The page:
You want to be invested in sectors where there are shortages, and there are several commodities that fit that bill. For instance, the demand outlook for oil is still challenging, but the pandemic caused significant interruptions in the production and storage of oil. It resulted in a drastic cut-back in capital expenditures in the sector. Indeed, the International Energy Agency estimates that upstream oil and gas investments fell 28% globally in 2020. In comparison, during the severe oil market downturn in 2015 which decimated many producers in the US and Canada, these investments fell only 12%. That’s why I believe that energy stocks as well as the debt of energy companies is attractively priced right now. The Oil and gas sector was undervalued and under-owned even before the pandemic, but with collapse in global demand in 2020, it has been even more unloved.

Crude oil prices have seen impressive gains since last fall. However, many investors are convinced that the trend is favor of renewable energies and electric vehicles.

Sure, longer-term, there are significant headwinds from the shift towards renewables, but that’s likely still years away. Bottom line: While the conventional energy space has been valued for extinction the future is one where petroleum products continue to play a major role. In the meantime, amid the current market backdrop where value and yield are scarce, the energy players offer low-cost access to an income stream in a sector where the bad news is likely already priced in.

How do you assess the prospects for commodities in general?

LNG and natural gas in particular have alluring characteristics, too. That’s why you want to have natural gas content and owners of pipelines in your portfolio. What’s more, if we get any sort of infrastructure package in the US, it’s going to have to include a revamp of the electricity grid. Within the commodity complex, there are other areas with clear supply and demand imbalances in favor of the price. Copper surely fits that bill. So you can have my cautious view on the economic outlook and still have a constructive assessment of the commodity landscape based on supply fundamentals.

Unlike oil and copper, gold is currently under pressure. Rightly so?

I own gold not to make a killing but as a ballast in the portfolio, a source of diversification and insurance policy against the gargantuan levels of outstanding liabilities. It’s a hedge against inflation, if we ever get it, and it’s also a hedge against deflation given these destabilizing financial imbalances we have. They’re not that apparent obviously when you look at the markets this year: The junkiest bonds have outperformed the most, and the junkiest stocks have outperformed the most. That’s how you know that we are in a speculative mania. So gold is an insurance policy against things going wrong, especially in a time when most asset markets are priced for perfection. You hope your house doesn’t burn down, but you still have home insurance.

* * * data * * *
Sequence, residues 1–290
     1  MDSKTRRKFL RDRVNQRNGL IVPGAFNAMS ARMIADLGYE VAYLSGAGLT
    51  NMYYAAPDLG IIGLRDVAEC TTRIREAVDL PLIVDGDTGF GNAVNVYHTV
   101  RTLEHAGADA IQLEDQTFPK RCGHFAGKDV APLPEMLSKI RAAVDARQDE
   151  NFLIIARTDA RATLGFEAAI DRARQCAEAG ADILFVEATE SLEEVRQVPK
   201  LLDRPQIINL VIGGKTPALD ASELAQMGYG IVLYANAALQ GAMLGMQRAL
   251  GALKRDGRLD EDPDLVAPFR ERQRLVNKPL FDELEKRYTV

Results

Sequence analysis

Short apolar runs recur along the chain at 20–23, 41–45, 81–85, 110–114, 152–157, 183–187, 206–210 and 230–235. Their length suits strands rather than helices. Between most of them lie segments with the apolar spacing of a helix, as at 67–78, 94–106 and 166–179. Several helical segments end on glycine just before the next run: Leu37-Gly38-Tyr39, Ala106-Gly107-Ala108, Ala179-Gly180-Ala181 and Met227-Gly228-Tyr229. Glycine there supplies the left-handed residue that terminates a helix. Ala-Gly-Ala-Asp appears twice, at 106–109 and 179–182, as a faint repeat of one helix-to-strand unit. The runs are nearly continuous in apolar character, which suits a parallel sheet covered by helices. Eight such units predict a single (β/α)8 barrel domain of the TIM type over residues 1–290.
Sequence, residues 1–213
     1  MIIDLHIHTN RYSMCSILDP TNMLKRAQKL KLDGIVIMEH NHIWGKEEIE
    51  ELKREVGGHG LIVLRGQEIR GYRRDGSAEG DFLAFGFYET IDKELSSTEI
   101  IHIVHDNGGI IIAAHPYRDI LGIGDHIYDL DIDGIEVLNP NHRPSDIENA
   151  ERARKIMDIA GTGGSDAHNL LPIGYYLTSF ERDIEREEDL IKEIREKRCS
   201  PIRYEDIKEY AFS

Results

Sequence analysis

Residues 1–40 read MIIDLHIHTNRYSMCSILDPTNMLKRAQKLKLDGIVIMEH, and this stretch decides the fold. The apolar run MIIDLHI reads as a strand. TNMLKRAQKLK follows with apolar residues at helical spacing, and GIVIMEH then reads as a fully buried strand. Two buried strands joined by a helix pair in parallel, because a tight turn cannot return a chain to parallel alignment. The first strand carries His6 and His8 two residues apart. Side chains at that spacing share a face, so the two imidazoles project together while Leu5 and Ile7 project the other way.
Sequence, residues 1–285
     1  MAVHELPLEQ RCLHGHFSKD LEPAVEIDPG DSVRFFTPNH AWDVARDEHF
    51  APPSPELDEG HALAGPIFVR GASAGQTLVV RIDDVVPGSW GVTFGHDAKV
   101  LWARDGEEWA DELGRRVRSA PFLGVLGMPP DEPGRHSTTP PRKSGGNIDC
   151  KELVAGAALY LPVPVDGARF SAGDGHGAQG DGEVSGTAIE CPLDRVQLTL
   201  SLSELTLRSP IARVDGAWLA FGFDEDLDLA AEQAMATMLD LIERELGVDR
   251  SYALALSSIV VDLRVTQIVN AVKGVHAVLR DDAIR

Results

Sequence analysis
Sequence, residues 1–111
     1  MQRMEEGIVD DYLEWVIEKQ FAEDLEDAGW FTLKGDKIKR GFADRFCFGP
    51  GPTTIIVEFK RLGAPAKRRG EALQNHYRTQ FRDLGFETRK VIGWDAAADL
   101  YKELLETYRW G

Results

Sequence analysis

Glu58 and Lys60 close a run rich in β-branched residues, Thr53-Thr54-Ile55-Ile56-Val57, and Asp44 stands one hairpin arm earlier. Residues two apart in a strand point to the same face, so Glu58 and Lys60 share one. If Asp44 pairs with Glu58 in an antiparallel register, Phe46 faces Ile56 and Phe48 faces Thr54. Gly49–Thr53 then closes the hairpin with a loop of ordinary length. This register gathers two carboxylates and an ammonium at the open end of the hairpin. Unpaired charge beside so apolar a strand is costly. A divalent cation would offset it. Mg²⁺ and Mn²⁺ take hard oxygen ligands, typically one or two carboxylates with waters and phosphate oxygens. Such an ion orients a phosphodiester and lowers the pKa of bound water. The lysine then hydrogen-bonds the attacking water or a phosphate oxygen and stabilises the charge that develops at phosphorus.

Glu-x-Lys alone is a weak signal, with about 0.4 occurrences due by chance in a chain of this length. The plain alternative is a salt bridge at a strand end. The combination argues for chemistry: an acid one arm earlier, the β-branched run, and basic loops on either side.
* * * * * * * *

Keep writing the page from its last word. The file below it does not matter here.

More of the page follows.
Where else do you spot opportunities?

If my thesis is correct that we’re heading into a future of an elevated precautionary household savings rate, then you want to focus on what people need, not what they want. That’s why I prefer consumer staples over consumer discretionary. More to the point, you want to own companies with an ability not just to deliver growth but also with utility like characteristics. Here, you can actually pick up some quality names in the technology sector. Microsoft is the poster child for that particular viewpoint. It’s a classic growth company that has been re-rated for having utility like characteristics.

What’s your advice for investors looking outside the US?

Asia is where the opportunities are. If you are scanning the world for growth investments with P/E multiples that at least approximately match the growth outlook, you’re better off in Asia than in the developed world. The Asian countries, by and large, have dealt with the pandemic much better than most other parts of the world. Leaving politics aside, you have to face the fact that China was practically the only country in the world whose economy did not contract in 2020. They’re poised for at least 8% growth this year, and a lot of the countries in Asia are feeding off the improvement in Chinese economic growth.

What does this mean for investors?

China is about the only country with the capacity to ease monetary policy in a traditional sense. They did not embark on quantitative easing; they didn’t blow their brains out on fiscal stimulus. So far, they’re actually successfully moving towards deleveraging they’re heavily indebted economy. In contrast, the Fed is perpetuating a situation of survival instead of creative destruction. As a result, 20% of the companies in the S&P 500 are technically zombies, meaning they don’t earn enough cash flow to cover interest expenses. So at the margin, we have a situation where capitalism in America is going on a long-term sabbatical, when at same time, this communist country called China is moving increasingly more towards capitalism.

However, the authoritarian regime in Beijing could take different measures than Western governments to contain the spread of the coronavirus.

That’s true, but the reality is that as strong as China was relative to the rest of the world before the pandemic, it’s that much stronger today. This is going to be a big headache for Joe Biden in terms of how to curb China’s accelerating economic dominance. The irony of ironies is that Donald Trump’s first move as President was to walk away from the Trans-Pacific Partnership which actually would have helped to restrain China to some extent. Now, here we are after Donald Trump just left the White House, and China signs on to a trade deal with most of the rest of Asia that gives China more security of supply. So geopolitical complications aside, China’s growth outlook is very strong and that’s going to feed off into the rest of the region. That’s why one of my principal themes for the past several months has been “go east young man and young woman”.

Tyler Durden
Tue, 02/23/2021 – 11:35